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Oscars and Elbows

Without an elbow, an arm is basically useless. I believe good art also has an “elbow.” For example, an abstract painting arguably only “works” because of a specific splash of color or mark that makes it complete and memorable.

In film, I define the elbow as a key moment in the narrative. It isn’t the cinematography, production design, or casting. It’s something that happens, but it doesn’t have to be a complete scene. Stanley Kubrick films offer some good examples. In The Shining, Shelley Duvall’s character finds the stack of typed pages of “All work and no play makes Jack a dull boy,” and it becomes clear that Jack has come unhinged, and it sets the viewer up for the horrors ahead. In Full Metal Jacket, the murder/suicide scene in the boot camp serves as the end of the first half of the film and an unforgettable prelude to the violence and madness the hero witnesses in Vietnam. If either of those moments were cut, the films would fall apart, but not only for structural reasons. These elbows are critical emotional markers, and are arguably the most important moments in the films.

So am I just talking about a first or second act turning point, the halfway mark, or the climax? That’s often where I find the elbow, but there are multiple turns in a movie, and by my definition, only one elbow (the arm is the movie). For me, finding the elbow is an exercise both for the viewer and filmmaker. It’s a way of looking at a movie. You definitely won’t find this elbow theory in any how-to screenwriting books because it is too subjective.  

Since the Oscars are today, I thought I’d apply my theory to some of this year’s nominees. By the way, Stanley Kubrick got many nominations, but only one Oscar -- special effects for 2001: A Space Odyssey. From this year’s nominees, I’ve chosen Mad Max Fury Road (Best Picture) and Ex Machina (Best Original Screenplay) as my examples. They both have strong and complex female leads. I’m sure critics have analyzed the heck out of the way both films approach the concepts of “the feminine” and gender power dynamics. I’ll stick to the elbow.

Fury Road has many intense, full-throttle moments. However, the scene I consider the elbow comes in a break in the action, after the cult leader and his crew have accidentally run over one of his wives -- the one who is pregnant with his heir. She is close to death, but instead of trying to save her, he has the “doctor” cut the baby from her belly only to find that it is dead. The doctor handles the baby like a slab of meat and twirls its umbilical chord like a string. Our heroes, including Charlize Theron’s Imperator Furiosa, never see this detail. It is there for the viewer, affirming something the characters already know – the cult leader is beyond cruel and ruthless. Like in The Shining, this elbow is as much about the villain as it is the hero.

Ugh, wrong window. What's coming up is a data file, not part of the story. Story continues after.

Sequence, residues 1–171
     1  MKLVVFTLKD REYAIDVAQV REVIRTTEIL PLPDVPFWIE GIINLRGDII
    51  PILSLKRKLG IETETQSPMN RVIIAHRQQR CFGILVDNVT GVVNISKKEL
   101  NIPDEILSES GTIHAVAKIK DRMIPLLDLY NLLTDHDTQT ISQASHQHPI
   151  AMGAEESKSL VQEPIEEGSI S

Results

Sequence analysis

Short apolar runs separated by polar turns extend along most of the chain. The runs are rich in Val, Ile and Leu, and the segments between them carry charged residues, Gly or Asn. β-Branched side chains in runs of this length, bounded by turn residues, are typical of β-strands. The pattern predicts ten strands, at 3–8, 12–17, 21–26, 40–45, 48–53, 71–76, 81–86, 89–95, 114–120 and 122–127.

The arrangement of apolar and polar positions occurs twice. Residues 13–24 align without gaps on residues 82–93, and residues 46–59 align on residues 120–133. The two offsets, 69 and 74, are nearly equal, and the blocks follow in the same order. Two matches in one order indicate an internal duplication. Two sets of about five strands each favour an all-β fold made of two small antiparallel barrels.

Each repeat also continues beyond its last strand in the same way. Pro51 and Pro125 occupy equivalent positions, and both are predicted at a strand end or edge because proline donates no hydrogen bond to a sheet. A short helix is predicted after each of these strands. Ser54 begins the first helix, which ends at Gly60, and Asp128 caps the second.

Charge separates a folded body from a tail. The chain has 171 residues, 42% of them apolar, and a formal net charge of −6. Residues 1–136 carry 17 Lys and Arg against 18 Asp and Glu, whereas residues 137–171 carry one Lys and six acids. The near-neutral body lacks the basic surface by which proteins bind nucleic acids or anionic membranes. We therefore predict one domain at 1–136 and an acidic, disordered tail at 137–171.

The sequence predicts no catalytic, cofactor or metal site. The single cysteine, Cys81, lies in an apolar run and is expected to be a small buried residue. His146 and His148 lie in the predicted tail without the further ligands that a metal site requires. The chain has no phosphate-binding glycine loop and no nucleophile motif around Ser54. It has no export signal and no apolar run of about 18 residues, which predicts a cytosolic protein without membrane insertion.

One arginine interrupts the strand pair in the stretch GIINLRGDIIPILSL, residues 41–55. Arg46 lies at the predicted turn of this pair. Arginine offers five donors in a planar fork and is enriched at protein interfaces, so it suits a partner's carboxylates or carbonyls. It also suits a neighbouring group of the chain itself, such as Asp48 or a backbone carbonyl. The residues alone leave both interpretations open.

The elbow in Ex Machina is also very dark and gory. But in contrast to Fury Road, it is focused on our hero Caleb. It happens right after he discovers that his boss Nathan has made multiple female AI prototypes. Caleb goes to his room and cuts into his own arm to see if he may also be an AI. This confirms that he can no longer distinguish between what is real and what is AI because he even doubts his own humanness. Ava has passed the test in a way that goes much deeper than just Caleb’s falling in love with her. She has won. This elbow is the second act turning point. In contrast, the elbow in Fury Road is at the halfway point. Ultimately, Ava can be seen as a villain in Ex Machina since she will lead to Caleb’s demise, so this elbow also illustrates a significant link between the protagonist and antagonist much like in Fury Road.

My examples happen to be pretty grim. I don’t think that’s always the case. However, elbows do seem to include a major shock or surprise that ties the opposing forces within the story together in a poignant way. This is pretty obvious in all of my examples except Full Metal Jacket. To me, the opposing forces in that movie are the young Army journalist and the Vietnam War. In the end, it is this elbow that brings all of the elements (narrative, thematic, and emotional) together and makes all of these films fully realized works of art.